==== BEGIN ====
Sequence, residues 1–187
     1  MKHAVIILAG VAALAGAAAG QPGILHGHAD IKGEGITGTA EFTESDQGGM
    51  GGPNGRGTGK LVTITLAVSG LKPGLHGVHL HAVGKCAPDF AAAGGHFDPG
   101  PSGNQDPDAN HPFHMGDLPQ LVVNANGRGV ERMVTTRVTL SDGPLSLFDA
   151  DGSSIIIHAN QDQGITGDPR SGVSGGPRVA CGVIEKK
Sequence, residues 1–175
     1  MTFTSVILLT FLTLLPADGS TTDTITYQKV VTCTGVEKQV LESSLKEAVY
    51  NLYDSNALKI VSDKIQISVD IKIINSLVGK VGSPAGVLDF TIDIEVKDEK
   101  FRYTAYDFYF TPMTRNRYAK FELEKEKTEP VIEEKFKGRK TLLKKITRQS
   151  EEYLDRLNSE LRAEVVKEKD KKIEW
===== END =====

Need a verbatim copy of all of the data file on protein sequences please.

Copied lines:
Sequence, residues 1–187
     1  MKHAVIILAG VAALAGAAAG QPGILHGHAD IKGEGITGTA EFTESDQGGM
    51  GGPNGRGTGK LVTITLAVSG LKPGLHGVHL HAVGKCAPDF AAAGGHFDPG
   101  PSGNQDPDAN HPFHMGDLPQ LVVNANGRGV ERMVTTRVTL SDGPLSLFDA
   151  DGSSIIIHAN QDQGITGDPR SGVSGGPRVA CGVIEKK
Sequence, residues 1–175
     1  MTFTSVILLT FLTLLPADGS TTDTITYQKV VTCTGVEKQV LESSLKEAVY
    51  NLYDSNALKI VSDKIQISVD IKIINSLVGK VGSPAGVLDF TIDIEVKDEK
   101  FRYTAYDFYF TPMTRNRYAK FELEKEKTEP VIEEKFKGRK TLLKKITRQS
   151  EEYLDRLNSE LRAEVVKEKD KKIEW